Just When You Think Things Can't Get Worse for the Astros, They Prove You Wrong
Elmore Leonard's novels are full of guys and girls who think they're smarter than everybody else. Crooks, con men and cops who know better than their rivals. Who have figured out all of the angles. They're arrogant about this genius, bragging to anyone who'll listen about just how damn smart they are. But then the plan's put into play and things fall apart. The mark doesn't respond properly. A confederate chickens out. Or, usually, it's because the hero or heroine, who's been dismissed as a plodding fool, figures out the genius's plan and pounces on the mistake. And there are always mistakes.
The Astros could be characters in one of Elmore Leonard's novels.
The Houston Astros would be the perfect antagonist of a Elmore Leonard novel, were Leonard still alive, and were he to have written about baseball teams and not petty criminals. The team's an arrogant bunch of wise guys convinced they're smarter than everybody else and they're not afraid to tell everyone about just how damn smart they are. They're a bunch of guys who have failed to win anything and who, in fact, built a team that for the past several years has been known more for tanking games to get high draft choices than it has for being a competitive on-field product. And just like Elmore Leonard's villains, the so-called smartest guys in the room have started making mistake after mistake.
Let's start with the known facts. The baseball team inherited by Jeff Luhnow was awful, both on the major league level and on the minor league level. His predecessor, Ed Wade, had made some trades attempting to restock the farm system, and it was Wade's group that drafted George Springer and Jason Castro. Luhnow and his group of gambling rocket scientists have worked diligently on building the farm system, taking it from the worst in baseball to the best. And with the first draft under his charge, Luhnow was able to get the team's first pick, Carlos Correa, to accept a highly discounted signing bonus that allowed the team to play games and sign two other players at numbers that would otherwise have been above the MLB-allowed cap.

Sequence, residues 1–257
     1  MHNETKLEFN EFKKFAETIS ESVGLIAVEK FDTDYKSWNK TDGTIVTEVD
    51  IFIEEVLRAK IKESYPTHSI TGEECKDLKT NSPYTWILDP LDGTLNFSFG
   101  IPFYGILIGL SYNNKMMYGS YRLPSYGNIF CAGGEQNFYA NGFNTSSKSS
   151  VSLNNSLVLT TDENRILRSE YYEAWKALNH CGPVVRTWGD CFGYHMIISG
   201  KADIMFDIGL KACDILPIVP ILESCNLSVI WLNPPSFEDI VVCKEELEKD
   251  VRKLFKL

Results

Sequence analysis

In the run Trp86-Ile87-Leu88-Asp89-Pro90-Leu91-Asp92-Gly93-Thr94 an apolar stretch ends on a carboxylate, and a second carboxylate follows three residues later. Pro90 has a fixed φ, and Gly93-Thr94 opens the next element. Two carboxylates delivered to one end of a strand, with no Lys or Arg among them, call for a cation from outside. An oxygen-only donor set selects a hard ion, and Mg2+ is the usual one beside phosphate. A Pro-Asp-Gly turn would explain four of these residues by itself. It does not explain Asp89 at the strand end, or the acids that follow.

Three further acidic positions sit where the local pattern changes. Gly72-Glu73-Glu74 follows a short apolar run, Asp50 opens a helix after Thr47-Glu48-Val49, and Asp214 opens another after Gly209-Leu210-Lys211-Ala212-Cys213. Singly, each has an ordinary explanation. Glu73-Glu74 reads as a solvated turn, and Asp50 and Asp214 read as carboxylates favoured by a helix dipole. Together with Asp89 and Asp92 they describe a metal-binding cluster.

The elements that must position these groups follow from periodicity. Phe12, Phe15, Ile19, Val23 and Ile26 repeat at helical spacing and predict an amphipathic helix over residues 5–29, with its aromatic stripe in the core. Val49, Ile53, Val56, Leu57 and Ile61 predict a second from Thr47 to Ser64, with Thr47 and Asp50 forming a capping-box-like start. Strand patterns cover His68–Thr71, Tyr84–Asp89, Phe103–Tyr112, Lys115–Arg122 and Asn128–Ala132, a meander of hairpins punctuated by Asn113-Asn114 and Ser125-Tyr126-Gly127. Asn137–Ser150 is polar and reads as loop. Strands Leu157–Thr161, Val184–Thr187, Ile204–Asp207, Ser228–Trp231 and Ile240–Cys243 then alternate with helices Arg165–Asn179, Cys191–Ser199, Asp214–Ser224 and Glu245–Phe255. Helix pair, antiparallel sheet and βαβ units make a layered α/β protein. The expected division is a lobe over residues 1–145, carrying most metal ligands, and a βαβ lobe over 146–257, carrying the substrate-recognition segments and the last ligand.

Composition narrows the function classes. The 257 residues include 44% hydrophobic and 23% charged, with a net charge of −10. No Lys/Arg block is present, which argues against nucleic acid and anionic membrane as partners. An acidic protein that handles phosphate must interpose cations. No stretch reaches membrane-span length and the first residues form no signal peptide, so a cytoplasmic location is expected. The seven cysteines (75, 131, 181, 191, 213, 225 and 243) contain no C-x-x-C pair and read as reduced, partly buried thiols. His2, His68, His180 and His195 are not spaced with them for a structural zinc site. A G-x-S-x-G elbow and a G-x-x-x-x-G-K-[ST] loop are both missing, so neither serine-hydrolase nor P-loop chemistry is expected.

But here's the thing about being the so-called smartest guy in the room: At some point, you have to actually prove you're the smartest guy in the room. The Astros like to talk about how smart they are, but if you're going to talk to Sports Illustrated about improving on Billy Beane's so-called Moneyball system despite once again competing for the worst record in baseball, you'd better be able to prove that you're actually improving upon what Beane's doing in Oakland.
But the Astros have yet to show they're improving upon Moneyball. The free agent acquisitions have been questionable, the team overpaying for a mediocre back of rotation starting pitcher and trying to turn him into a staff ace while wasting millions of dollars on back-end bullpen guys, one of whom was injured when signed, who have barely pitched this season. The major league roster is still awful, with the only real points of light being players drafted/acquired by Wade or by the man Wade replaced, Tim Purpura.